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By the Immunocompetence Handicap Hypothesis (Karter & Folstad, 1992), individuals with good immunity invest in sexually selected characteristics and in doing so forego investing in immunity. The display of sexually selected characteristics is supposed to indicate the individual has good enough immunity to be able to withstand the foregone investment. As a result, these individuals are infected with more parasite species and also greater intensity of infection. My question for someone who knows about parasites and immunity is: It is clear that a handicap against predators (such as a bright, weighty ornament) 1) exposes the individual to predators that would not have otherwise spotted it AND 2) impedes the individual’s ability to evade predators, with death just as likely to come from the predators attracted in 1. What about a handicap against parasites? Does it 1) expose the individual to parasites that would not have otherwise infected it AND 2) impede ability to survive parasites, with death just as likely to come from the parasites in 1? Individuals that handicap against parasites tend to be infected with more species of parasites than otherwise (Habig & Archie, 2015: "Specifically, dominant males almost always experienced higher parasite prevalence, intensity of infection or parasite species richness than subordinate males.") but are these additional species just as likely to kill as the species that would have infected the individual if it didn’t handicap or are the species that would have infected the individual if it didn’t handicap just more dangerous and more likely to kill the individual?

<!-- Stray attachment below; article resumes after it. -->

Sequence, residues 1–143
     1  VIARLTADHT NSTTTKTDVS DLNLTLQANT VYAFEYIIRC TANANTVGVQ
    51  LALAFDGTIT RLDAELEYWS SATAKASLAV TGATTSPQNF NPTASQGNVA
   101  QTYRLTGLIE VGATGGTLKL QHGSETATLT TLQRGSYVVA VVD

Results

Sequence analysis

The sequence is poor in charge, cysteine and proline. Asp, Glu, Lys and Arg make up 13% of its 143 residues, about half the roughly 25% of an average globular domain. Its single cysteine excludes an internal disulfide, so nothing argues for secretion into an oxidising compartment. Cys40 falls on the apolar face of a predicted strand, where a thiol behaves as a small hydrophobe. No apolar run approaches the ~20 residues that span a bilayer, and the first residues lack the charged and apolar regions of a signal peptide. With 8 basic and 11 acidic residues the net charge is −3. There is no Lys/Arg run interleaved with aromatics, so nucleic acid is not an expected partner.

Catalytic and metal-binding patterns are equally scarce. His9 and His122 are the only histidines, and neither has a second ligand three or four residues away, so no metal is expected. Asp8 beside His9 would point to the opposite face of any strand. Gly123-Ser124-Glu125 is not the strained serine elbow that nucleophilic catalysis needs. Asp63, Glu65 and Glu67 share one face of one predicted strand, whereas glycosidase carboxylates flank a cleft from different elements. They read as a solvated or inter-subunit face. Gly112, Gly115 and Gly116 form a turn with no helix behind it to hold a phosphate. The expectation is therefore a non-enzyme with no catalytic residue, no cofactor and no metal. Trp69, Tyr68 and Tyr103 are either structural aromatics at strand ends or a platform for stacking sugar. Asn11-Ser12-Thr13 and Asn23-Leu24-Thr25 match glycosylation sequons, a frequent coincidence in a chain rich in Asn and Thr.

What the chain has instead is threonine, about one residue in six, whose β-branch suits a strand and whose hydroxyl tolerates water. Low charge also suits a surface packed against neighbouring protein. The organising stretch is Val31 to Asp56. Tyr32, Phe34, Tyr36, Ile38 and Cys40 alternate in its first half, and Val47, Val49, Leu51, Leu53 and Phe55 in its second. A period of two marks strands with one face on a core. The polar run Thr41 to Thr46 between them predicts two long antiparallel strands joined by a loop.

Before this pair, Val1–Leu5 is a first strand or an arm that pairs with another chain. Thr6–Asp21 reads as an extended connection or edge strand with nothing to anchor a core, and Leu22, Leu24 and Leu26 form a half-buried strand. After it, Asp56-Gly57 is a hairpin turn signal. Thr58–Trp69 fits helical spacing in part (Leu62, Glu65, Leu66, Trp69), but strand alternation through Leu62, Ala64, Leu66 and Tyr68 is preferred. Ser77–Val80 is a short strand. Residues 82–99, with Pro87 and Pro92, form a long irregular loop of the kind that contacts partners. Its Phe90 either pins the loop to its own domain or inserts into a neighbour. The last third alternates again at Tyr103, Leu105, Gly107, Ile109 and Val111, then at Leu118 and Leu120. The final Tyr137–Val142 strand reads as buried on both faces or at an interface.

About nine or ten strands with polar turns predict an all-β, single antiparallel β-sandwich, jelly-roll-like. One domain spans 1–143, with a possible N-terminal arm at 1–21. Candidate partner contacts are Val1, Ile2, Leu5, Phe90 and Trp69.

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  • $\begingroup$ Could you possibly rewrite this? It's not very clear to me exactly what you're asking. $\endgroup$ – Nathan Jul 14 '17 at 14:48
  • $\begingroup$ Can you guide the rewrite by specifying what you're unclear about? $\endgroup$ – sterid Jul 14 '17 at 16:21

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